Expert Commentary

Does vaginal progesterone reduce the risk of preterm birth in a high-risk woman?

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No Prophylactic treatment with vaginal progesterone did not reduce the incidence of preterm birth (i.e., birth at 32 weeks’ gestation or earlier) in women who had a history of spontaneous preterm birth, according to the results of a randomized, double-blind, placebo-controlled multinational trial.


Two studies published in 2003 rekindled interest in the use of progestational agents for the prevention of recurrent preterm birth. Da Fonseca and colleagues randomized patients who had risk factors for premature birth to daily vaginal administration of a natural progesterone suppository or placebo and demonstrated a significant reduction in birth before 34 weeks.1 In a larger, multicenter trial in the United States, Meis and associates randomized patients who had a prior preterm birth to weekly administration of intramuscular 17α-progesterone caproate or placebo.2 Compared with the control group, the treatment group had a one-third reduction in births before 37 weeks, and a near 50% reduction in deliveries before 32 weeks’ gestation.

Since these studies were published, there has been much enthusiasm about the use of progesterone to reduce the incidence of preterm birth, but obstacles remain to widespread implementation of recommendations. First, 17α-progesterone caproate is not approved by the Food and Drug Administration for any indication in this country, and is not available from any major drug manufacturer. Physicians who have adopted its use for patients who have a history of preterm birth have to obtain it from a compounding pharmacy.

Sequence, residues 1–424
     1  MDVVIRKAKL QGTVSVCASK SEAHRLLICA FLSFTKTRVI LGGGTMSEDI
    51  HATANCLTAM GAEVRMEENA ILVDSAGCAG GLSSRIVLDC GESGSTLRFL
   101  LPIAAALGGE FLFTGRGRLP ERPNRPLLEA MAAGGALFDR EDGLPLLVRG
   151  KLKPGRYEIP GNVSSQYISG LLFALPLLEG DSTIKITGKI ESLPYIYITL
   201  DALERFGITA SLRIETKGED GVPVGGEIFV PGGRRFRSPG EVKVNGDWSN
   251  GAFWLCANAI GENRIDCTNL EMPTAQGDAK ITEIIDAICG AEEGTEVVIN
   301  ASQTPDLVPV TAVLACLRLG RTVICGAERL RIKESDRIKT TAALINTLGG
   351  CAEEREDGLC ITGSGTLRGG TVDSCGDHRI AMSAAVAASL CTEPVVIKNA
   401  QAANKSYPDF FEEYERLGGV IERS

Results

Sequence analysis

Use of a vaginally administered preparation would likely overcome these obstacles and meet with greater patient acceptance, but widespread use awaits further research confirming its efficacy.

In outcomes, few differences between treatment and placebo groups

O’Brien and colleagues recruited women between 18 and 23 weeks’ gestation who had previously delivered prematurely and assigned them to daily vaginal administration of 90 mg of progesterone (in gel) or placebo. Treatment was administered until 37 weeks’ gestation, delivery, or premature rupture of membranes. Outcomes were similar in the two groups, with no statistical differences in delivery before 32 or 37 weeks’ gestation, or in mean birth weight.

Nor did the groups differ in the incidence of admission for preterm labor, use of tocolytic therapy, neonatal morbidity, or NICU admission.

The authors concluded that vaginally administered progesterone does not reduce the frequency of recurrent preterm birth in women who have a history of spontaneous preterm birth.


The negative results of this well-designed study should persuade you not to adopt the vaginal route of progesterone administration as a means of preventing recurrent preterm birth. Although data have been published that vaginal progesterone reduces the rate of preterm birth in patients with a very short cervical length (≤15 mm), this is a small fraction of the patients at risk.

The final word isn’t in yet, but studies under way may shed light on the optimal dosing and route of administration for different subpopulations of patients—so that further benefit can be achieved.—ALAN M. PEACEMAN, MD

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